It has been a tempestuous couple of weeks in global markets, with geopolitical tensions at extreme levels and a host of new uncertainties for market participants to contend with. A helpful way to conceptualise the scope of these new uncertainties is to consider the largest unknown that markets were wrestling with at the beginning of the year.
Beyond the pandemic, we started 2022 with a sense that the low-interest-rate environment we’d grown accustomed to for more than a decade was to come to an end. What that would mean for global markets was an open question, with some concern that tightening financial conditions into an economic slowdown could have dire consequences for financial markets.
The uncertainty since the Ukrainian crisis began is of an altogether different order. What we’re dealing with now are the first signs that a period of relative global stability going all the way back to the 1990s and the collapse of the Soviet Union is now being thrown into question. The consequences of this were it to be the case, are difficult to calculate and even harder to overestimate.
As far as direct market impacts are concerned, what we’re witnessing across the commodity complex is an inflationary shock as all certainties are re-evaluated. Elevated oil and gas prices due to the conflict look to continue to filter down to the global consumer in the form of elevated prices at the petrol pump, as well as higher heating and electricity bills.
We can also expect continued food inflation seeing as the world’s largest wheat exporter (barring the European Union) has engaged in an armed conflict with the world’s third-largest. Russia also happens to be the world’s largest exporter of fertiliser, which throws future global crop yields into question if the conflict proves to be drawn out and economic sanctions take an ever more punitive turn.
The supply shock resulting from this conflict is also difficult to quantify as supply chains have yet to fully recover since the pandemic and will continue to exhibit strain as different countries weigh their allegiances against their immediate economic concerns.
This sudden ramp-up in uncertainty finds the UAE in a relatively strong position. Regionally, it is emerging as an economic powerhouse, as evidenced by its growing non-oil trade surplus with its GCC partners. In the first nine months of 2021, this surplus widened by over 350%, with 54.2% of the UAE’s non-oil exports to the GCC accounted for by Saudi Arabia. The items in question run from base metals, precious metals, and chemicals, to food, beverages, and tobacco.
Globally, the UAE has been maintaining trade surpluses for over two decades while diversifying its economy. Neither the GFC nor the pandemic has prevented it from continuing to do so. The difference between its positions then compared to now, is that in March of 2020 when it joined Saudi Arabia in turning on the oil taps, crude was trading between $40-$20 per barrel. Today crude oil is trading close to 500% above those levels.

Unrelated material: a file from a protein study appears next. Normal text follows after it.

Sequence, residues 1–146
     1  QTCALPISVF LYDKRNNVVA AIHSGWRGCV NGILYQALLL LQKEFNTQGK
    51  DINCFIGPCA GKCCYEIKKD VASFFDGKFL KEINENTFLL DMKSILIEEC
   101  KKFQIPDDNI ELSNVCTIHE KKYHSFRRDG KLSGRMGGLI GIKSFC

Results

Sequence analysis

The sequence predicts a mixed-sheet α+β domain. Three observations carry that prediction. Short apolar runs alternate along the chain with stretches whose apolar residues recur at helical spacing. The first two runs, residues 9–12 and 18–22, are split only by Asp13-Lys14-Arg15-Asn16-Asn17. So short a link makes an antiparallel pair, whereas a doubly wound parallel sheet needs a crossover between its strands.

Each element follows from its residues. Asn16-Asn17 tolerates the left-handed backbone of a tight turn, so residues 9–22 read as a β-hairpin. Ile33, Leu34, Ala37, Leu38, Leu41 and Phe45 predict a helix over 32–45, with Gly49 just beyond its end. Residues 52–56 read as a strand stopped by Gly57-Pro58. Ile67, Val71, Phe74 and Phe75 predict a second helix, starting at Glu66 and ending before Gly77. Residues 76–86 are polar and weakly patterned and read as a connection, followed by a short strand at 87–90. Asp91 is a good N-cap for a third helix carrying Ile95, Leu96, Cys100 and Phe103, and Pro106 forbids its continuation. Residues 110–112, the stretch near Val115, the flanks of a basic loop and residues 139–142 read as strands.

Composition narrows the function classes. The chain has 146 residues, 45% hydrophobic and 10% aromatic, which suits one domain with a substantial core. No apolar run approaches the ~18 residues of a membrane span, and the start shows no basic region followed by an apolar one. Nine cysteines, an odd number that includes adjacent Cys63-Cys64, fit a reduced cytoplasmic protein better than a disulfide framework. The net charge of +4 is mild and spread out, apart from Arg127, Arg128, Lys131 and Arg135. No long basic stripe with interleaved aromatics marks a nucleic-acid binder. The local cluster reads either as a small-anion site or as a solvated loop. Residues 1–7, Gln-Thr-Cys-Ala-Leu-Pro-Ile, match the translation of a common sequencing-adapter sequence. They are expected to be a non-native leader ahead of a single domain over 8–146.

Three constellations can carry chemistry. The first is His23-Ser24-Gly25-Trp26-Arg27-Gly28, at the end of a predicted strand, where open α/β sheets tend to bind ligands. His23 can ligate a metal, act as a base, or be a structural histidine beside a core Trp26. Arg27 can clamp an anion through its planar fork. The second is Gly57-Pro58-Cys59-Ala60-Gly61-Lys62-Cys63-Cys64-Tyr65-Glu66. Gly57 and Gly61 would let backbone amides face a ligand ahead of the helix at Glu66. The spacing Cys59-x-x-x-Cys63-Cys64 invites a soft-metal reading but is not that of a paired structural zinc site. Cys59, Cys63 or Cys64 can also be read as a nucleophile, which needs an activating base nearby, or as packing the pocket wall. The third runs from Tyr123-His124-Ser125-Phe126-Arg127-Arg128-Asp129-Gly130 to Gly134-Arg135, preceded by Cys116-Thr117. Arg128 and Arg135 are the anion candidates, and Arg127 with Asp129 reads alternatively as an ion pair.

Though current sanctions against Russia have been crafted in such a way as not to directly affect the country’s oil exports, Russian oil is currently not finding its way to global markets for a host of other reasons. OPEC+ just agreed to continue its planned 400,000 bpd output rise throughout April, despite calls that it takes action to stabilise prices. The bottom line is that the UAE stands to benefit whether it decides to increase output or not.
Not only does the UAE have the capacity to meaningfully increase production if need be (something, not all OPEC+ members can claim), but investment in the Fujairah oil terminal and the recently established Abu Dhabi-based ICE Futures see the UAE establishing Murban crude as an important global benchmark at a time when it may be needed most.
If what we are seeing truly is a fracturing of a global order going back some thirty years, it forces the UAE to navigate a shifting array of allegiances. The hard-fought production agreement with OPEC+ member, Russia, and the calls from the international community that OPEC steps up production to make up for the Russian shortfall, are both examples of this. We’ve already seen friction between the UAE and Saudi Arabia as it pursues its own economic interests. Most notably in disagreements over oil quotas and its withdrawal from the GCC single currency project.
More recently we’ve seen pressure increasing for the Gulf States to openly come out in condemnation of Russia. The UAE has been open about its foreign policy diversification but now finds its allegiances very much divided. How it navigates these tensions in a rapidly changing geopolitical situation will be important to the country moving forward.
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